A new survey finds office employees do not open as much as 40 per cent of emails they receive. According to Hiver's first annual report titled State of Email, an average professional receives around 180 emails every day. As part of this survey, the data was collated from almost 1,000 email accounts of employees from across companies. Hiver said it processed 3,00,000 email threads and 4.7 million emails for the report.
As per the report, an average employee receives close to 180 emails every day and 40 per cent of them are not even opened. In fact, for emails that are opened, the reply rate is just 16 per cent. The survey report on email behaviour at the workplace highlights that a widespread misuse of email has led to unwanted inbox clutter, the company said in a statement. The biggest contributor to email overload is group emails sent to shared inboxes or distribution lists (such as HYPERLINK "mailto:email@example.com"firstname.lastname@example.org).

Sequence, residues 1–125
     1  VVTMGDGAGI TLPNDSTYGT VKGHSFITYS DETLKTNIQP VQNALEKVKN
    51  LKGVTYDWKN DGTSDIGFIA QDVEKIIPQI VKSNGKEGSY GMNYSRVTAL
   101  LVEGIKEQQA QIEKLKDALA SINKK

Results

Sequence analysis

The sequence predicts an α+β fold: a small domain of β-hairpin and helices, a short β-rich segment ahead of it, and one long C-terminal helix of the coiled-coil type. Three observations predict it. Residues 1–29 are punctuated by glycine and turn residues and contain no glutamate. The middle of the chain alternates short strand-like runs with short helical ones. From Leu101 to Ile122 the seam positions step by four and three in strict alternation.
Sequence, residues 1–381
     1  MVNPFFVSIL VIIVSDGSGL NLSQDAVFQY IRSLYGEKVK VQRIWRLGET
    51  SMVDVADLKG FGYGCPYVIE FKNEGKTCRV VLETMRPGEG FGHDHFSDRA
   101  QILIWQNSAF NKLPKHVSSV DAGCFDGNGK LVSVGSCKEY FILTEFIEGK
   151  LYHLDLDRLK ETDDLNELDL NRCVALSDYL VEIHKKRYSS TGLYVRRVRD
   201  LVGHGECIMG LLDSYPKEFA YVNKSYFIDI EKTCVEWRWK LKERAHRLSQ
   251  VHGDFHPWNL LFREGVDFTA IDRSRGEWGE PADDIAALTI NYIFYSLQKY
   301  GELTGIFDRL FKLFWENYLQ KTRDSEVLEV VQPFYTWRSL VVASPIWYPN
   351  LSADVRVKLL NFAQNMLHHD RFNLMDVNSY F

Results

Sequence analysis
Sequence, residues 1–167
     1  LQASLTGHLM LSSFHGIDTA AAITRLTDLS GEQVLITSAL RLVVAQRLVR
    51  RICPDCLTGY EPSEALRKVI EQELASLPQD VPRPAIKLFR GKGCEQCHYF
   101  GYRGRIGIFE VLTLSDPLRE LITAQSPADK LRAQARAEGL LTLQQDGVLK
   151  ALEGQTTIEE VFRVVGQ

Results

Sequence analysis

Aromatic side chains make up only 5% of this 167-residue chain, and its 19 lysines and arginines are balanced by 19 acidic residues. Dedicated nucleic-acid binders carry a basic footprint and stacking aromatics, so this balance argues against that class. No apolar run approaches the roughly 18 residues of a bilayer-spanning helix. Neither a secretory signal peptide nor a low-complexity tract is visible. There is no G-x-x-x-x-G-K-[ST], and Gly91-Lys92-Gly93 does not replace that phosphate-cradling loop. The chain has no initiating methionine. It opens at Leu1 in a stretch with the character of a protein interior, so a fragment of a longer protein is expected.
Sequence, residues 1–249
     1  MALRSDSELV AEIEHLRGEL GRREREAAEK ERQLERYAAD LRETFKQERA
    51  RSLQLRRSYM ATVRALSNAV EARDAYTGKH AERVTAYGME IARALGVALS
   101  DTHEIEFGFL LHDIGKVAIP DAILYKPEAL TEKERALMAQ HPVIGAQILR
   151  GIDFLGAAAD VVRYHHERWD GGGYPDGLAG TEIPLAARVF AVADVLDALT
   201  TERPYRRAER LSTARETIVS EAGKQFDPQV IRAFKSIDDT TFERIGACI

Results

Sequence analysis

-- Employees do not open as much as 40 per cent of emails they receive at their workplace
-- An average professional receives around 180 emails every day
-- 40 per cent of emails received by employees are not even opened
-- Emails that are opened contribute to only 16 per cent of total emails received
-- 51 per cent of emails people receive are group emails.
As the report highlights, the problem could be every employee who is a part of that group receives a copy of each email in their primary inbox.
"Email clearly remains an essential and popular way of communicating, but there are a number of findings from the Hiver State of Email report that indicates that it is broken and requires a significant rehaul," Niraj Rout, co-founder and CEO of Hiver said.
The report also brings attention to "irresponsible" CC'ing, which has become a standard in virtually every email for reasons ranging from keeping people updated on specific projects to account for their work with their managers. Another major contributor to the inbox clutter situation is the unnecessary and excessive forwarding of emails.
"There is a disconnect in which people are sending more emails, yet opening and responding to fewer of them. The low response and read rates for Cc and forwarded emails demonstrate that while people want to use email as a collaboration tool, it was clearly not designed for it," Rout added.
(With PTI inputs)